A major part of the fascination with surfing the net comes from an inherent "live" real time quality experienced by the user. In Tara McPherson's essay "Reload: Liveliness, Mobility and the Web", she describes this fascination as "a key dimension of our experiences of the internet, a medium which also promotes itself as essentially up-to-the minute." [pg. 461, "Reload: Liveliness, Mobility and the Web"] Yet later in her essay she contradicts the nature of this live quality by stating "most of the ‘breaking news' I access via my personalized MSNBC front page is no more instant than the news I would watch at 6 pm. On KTLA"[pg. 461, "Reload: Liveliness, Mobility and the Web"]. The internet is such a large database that time itself is simply an illusion. Tara McPherson describes herself reading on JFK death "both here (in LA) and there (in Dallas), both then (1963) and now (2002), but I am always present, moving, live, in command." [pg. 463, "Reload: Liveliness, Mobility and the Web"] The user is deceived into believing the real time effect that is associated with the net. The "in-the-now" nature of the net trick users into the illusion that they are surfing live and are thus only moving because they wish to move. Tara McPherson has chosen to call this sensation volitional mobility .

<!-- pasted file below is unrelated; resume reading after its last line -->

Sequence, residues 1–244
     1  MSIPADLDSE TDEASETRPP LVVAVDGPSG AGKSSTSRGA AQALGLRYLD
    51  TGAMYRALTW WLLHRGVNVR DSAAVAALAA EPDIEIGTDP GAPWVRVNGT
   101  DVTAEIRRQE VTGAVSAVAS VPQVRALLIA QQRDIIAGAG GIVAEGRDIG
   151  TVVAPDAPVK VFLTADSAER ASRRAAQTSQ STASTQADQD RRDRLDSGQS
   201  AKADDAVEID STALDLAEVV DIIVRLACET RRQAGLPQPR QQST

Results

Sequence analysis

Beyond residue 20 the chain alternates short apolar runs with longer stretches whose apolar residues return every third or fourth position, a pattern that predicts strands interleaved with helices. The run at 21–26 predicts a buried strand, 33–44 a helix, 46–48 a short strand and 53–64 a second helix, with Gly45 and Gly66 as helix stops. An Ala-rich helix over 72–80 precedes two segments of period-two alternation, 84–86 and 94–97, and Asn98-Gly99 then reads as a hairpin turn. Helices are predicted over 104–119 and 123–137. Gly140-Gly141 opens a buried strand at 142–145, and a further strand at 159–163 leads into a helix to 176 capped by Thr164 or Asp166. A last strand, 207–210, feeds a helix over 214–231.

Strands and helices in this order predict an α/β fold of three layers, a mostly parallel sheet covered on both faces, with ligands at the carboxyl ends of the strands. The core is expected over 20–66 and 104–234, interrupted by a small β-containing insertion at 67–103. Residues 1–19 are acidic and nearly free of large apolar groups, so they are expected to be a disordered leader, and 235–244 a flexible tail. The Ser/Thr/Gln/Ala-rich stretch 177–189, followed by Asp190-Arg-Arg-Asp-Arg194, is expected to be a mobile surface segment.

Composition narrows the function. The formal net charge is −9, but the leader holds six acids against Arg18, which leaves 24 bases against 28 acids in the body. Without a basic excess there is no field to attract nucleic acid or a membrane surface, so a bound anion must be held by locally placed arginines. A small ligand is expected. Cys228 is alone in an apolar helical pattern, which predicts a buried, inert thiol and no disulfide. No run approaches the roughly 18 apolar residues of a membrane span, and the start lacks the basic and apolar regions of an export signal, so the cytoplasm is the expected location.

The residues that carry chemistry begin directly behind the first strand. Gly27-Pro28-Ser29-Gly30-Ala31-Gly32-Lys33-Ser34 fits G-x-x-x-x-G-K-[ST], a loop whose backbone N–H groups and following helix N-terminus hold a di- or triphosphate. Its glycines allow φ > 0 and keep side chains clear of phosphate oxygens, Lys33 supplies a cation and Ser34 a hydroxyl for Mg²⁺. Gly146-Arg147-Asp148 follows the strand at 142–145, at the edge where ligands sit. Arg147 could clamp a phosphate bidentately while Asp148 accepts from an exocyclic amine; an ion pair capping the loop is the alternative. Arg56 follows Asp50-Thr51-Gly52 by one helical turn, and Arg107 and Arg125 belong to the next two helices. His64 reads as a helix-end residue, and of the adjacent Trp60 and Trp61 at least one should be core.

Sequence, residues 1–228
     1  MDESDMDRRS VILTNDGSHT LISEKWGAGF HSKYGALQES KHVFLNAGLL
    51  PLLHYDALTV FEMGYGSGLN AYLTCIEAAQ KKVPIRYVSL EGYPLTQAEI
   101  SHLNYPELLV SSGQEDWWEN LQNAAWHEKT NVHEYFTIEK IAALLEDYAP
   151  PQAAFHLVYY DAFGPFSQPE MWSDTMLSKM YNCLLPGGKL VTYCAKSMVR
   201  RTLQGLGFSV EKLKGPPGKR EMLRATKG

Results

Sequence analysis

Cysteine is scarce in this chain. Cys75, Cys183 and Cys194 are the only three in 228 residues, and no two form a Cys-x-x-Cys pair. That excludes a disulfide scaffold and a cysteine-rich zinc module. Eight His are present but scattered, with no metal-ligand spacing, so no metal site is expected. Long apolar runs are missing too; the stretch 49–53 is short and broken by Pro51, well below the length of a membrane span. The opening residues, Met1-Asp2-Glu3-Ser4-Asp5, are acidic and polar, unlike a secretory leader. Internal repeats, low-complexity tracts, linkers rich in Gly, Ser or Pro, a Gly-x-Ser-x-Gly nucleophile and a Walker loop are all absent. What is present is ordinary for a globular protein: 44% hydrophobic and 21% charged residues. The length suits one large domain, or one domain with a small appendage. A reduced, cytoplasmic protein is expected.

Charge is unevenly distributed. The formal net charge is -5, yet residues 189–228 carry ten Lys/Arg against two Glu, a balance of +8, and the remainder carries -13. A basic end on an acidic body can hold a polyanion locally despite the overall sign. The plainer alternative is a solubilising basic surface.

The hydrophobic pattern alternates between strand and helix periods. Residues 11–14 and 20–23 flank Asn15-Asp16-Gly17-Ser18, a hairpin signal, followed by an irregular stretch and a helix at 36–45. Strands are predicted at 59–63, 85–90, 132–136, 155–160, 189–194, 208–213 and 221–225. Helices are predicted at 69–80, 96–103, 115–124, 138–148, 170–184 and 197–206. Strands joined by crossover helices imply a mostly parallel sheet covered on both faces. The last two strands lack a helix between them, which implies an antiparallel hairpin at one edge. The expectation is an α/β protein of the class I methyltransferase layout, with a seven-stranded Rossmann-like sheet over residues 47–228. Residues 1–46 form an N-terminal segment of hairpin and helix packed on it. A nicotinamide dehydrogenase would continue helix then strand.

Last modified 31 December 2006